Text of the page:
A/N: I was inspired to write this while watching Casanova the other day. Just a little thought in my head that turned into a big story on my way to work. Hope you like it. As always I own nothing.

"That storm'll have the roof off before too long," moaned Jackie as she pulled the heavy knit cardigan tighter around her before kneeling by the fire and coaxing the flames up higher, "And why the power company haven't got the electric back on after two days I don't know."

"They can hardly work in this weather," came a quiet voice from the corner, muffled by a heavy book, "They'd probably drown, besides, I like the candles."

"Yeah well if Dominic has one over while he's tearing about you won't be saying that when the place is on fire," muttered Jackie, tucking a strand of blonde hair behind her ear as she settled back into the ornate sofa of the first lounge room.

It had been ten years since they had all crossed the void into the alternative dimension and Jackie was as content as anyone could be. Her husband, the alternative Peter Tyler was head of Torchwood since it had been reformed and the family had been able to leave the London home they had in favour of one situated in the wilds of Dartmoor, the advent of the sonic express making travel to and from London a pleasant half hour commute. Jackie loved the sprawling mansion they occupied, big enough for them to almost have a wing each if they so pleased but the family liked to keep close. Dominic Tyler was the youngest of the band, Jackie's second child, nine years old and a tearaway he tried his parents patience but was indulged by his elder sister. Rose adored her brother, with his wild shock of blonde hair and deep brown eyes, he had such a sense of adventure, the same that had sent his sister off on her journeys so long ago. It was through Dominic that Rose lived now. She worked at Torchwood same as her father but at twenty nine she remained at home, unmarried and almost friendless. She liked it that way.

"The house won't burn down, the candles have a safety mechanism in them that extinguishes them on impact, alien technology is a wonderful thing."

"Well I still want the electric back," huffed Jackie, shoving her feet up onto the dark wooden coffee table before her.

The book descended from her companions face and too deep brown orbs held hers for a second, "Mum complaining is not going to make things go any faster," said Rose, the crackling light of the fire highlighting her still youthful features, "I'm trying to read."

"What is that you've been buried in all night anyway?" said Jackie, "And where is your father with that tea?"

"It's the Great Gatsby," said Rose, sighing as she folded down the page she was on and closed the book, when her mother started asking questions there was not much chance of her continuing to read, "I've been meaning to read it for ages, the Doctor…"

Jackie was perched on the arm of the chair beside her daughter in an instant as she heard the catch in her voice, even ten years could not heal the one wound Rose carried. Rose leant into her mother's embrace, her eyes straying to the fire and watching the dance of the flames, her memory skimming back over events long since passed.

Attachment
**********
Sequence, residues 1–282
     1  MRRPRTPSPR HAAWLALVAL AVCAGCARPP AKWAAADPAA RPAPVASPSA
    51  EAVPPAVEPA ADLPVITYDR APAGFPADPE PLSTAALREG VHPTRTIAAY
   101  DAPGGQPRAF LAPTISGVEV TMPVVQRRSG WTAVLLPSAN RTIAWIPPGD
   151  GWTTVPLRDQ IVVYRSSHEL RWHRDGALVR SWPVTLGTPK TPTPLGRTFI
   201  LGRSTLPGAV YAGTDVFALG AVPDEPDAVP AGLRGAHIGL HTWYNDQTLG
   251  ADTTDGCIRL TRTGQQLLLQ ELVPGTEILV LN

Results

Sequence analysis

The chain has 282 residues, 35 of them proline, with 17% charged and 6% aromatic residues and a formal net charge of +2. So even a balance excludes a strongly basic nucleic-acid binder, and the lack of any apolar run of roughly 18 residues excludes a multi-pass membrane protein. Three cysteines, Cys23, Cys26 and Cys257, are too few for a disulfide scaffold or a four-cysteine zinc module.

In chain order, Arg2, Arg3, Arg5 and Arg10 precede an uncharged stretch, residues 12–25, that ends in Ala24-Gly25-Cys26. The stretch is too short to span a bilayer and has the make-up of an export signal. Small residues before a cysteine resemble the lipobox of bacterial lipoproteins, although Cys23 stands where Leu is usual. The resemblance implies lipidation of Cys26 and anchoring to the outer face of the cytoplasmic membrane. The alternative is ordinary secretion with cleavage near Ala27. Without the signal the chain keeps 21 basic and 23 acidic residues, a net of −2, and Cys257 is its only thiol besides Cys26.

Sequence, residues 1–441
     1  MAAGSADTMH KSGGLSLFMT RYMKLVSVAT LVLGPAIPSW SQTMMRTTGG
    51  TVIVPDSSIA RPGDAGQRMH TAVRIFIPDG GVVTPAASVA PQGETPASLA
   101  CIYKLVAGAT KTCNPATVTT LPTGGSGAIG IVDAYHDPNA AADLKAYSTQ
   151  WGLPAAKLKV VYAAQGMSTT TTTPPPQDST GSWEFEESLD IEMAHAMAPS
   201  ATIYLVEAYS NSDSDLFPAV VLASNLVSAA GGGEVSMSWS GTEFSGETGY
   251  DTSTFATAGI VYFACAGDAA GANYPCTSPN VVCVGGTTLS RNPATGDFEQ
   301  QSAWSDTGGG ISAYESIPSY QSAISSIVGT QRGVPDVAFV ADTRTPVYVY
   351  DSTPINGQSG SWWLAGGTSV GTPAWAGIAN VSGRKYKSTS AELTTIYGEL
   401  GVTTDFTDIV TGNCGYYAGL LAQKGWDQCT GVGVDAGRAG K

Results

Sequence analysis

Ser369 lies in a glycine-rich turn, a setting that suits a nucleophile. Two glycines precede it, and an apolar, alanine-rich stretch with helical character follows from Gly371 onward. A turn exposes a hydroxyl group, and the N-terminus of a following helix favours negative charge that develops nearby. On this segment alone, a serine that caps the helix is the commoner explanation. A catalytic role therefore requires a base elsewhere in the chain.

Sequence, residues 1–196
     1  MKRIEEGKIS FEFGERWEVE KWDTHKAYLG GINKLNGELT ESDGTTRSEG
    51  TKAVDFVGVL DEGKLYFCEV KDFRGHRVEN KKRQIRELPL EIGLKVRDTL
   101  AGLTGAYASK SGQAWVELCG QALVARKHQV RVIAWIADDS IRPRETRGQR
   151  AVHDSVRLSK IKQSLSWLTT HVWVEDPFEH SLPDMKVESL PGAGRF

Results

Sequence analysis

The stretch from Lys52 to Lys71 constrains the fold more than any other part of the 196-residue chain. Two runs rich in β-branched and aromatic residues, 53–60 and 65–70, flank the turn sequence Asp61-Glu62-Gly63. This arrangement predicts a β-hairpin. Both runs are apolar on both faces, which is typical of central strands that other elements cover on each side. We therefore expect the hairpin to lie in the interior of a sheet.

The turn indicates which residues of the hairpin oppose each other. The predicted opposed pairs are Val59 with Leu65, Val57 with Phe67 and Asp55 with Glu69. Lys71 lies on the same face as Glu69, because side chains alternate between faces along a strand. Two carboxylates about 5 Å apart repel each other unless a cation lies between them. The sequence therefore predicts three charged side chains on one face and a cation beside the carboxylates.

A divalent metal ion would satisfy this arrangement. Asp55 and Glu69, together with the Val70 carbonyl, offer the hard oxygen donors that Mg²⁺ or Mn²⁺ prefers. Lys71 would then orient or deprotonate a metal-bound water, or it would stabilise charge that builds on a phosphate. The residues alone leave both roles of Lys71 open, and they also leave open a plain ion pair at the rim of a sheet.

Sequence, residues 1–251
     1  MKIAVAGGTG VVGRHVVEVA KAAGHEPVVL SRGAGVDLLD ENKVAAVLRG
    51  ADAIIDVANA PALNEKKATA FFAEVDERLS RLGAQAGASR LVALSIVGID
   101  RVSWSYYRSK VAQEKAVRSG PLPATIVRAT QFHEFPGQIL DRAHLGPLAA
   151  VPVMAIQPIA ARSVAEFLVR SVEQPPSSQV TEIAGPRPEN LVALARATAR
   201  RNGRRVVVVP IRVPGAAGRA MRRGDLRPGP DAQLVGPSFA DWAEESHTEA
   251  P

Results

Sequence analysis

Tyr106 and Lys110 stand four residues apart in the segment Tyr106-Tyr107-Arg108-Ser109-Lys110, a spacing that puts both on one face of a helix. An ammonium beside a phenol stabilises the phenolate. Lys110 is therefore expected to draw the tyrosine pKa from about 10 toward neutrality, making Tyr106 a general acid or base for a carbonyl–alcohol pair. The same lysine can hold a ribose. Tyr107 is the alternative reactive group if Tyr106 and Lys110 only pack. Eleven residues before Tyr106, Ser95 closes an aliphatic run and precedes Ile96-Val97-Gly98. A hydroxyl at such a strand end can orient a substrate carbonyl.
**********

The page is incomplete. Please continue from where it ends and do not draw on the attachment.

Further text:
"Oh Rose," was the only sound in the room, "I wish…"

Even Jackie could not find the words. So often they'd all tried, Jackie, Pete, Mickey but they all gave up in the end. Mickey had moved on from them now, forging his own life out in the world. He visited often but he had a new life, he hadn't even tried to win Rose back after the Doctor but being by her side without being her partner had proved too difficult in the end. No one blamed him, not even Rose.

"I know Mum," said Rose softly, her breath shuddering in her chest as she steadied her nerves, "The Doctor said he loved the book so I thought I'd give it a go. He always did love a good story. He'd never believe it if he saw me reading it."

Jackie just rubbed her daughter's shoulder, making deliberate shivery noises as if it was due to the chill rather than the need to comfort her. Rose had to admit the touch did warm her slightly. The storm outside had been raging non stop for three days and the power had blown almost as soon as it started leaving them to fend off the chill with fires and candles. Rose loved the atmosphere, coal fires on the wild and windy moor land of Devon. She loved their home, the untameable nature of the place appealed to the adventurer inside her and the solitude was a welcome break from the hustle of London. So often when the weather was fine she would find herself out on the Moor, wandering for hours lost in the memories of times gone by. Sometimes it was almost as if he walked beside her, augmented her memories with his own, the cheeky London accent of his that she remembered so well or the soft northern tones of when she first loved him speaking into her ear in a whisper for her alone.

Her parents had tried and failed to convince her to go out, meet people, have relationships. She had tried at first, when her initial mourning was over but it was futile, no one would ever compare to the man with two hearts and his travelling machine. She didn't want them to. She had been his companion, his confidante, his best friend. He'd been her world. She didn't always think of him with sadness, she would even laugh and joke about him when the mood took her but it was when his name came up unexpected that her loss would hit home. All she longed for was a chance to relive her old life but it would never come.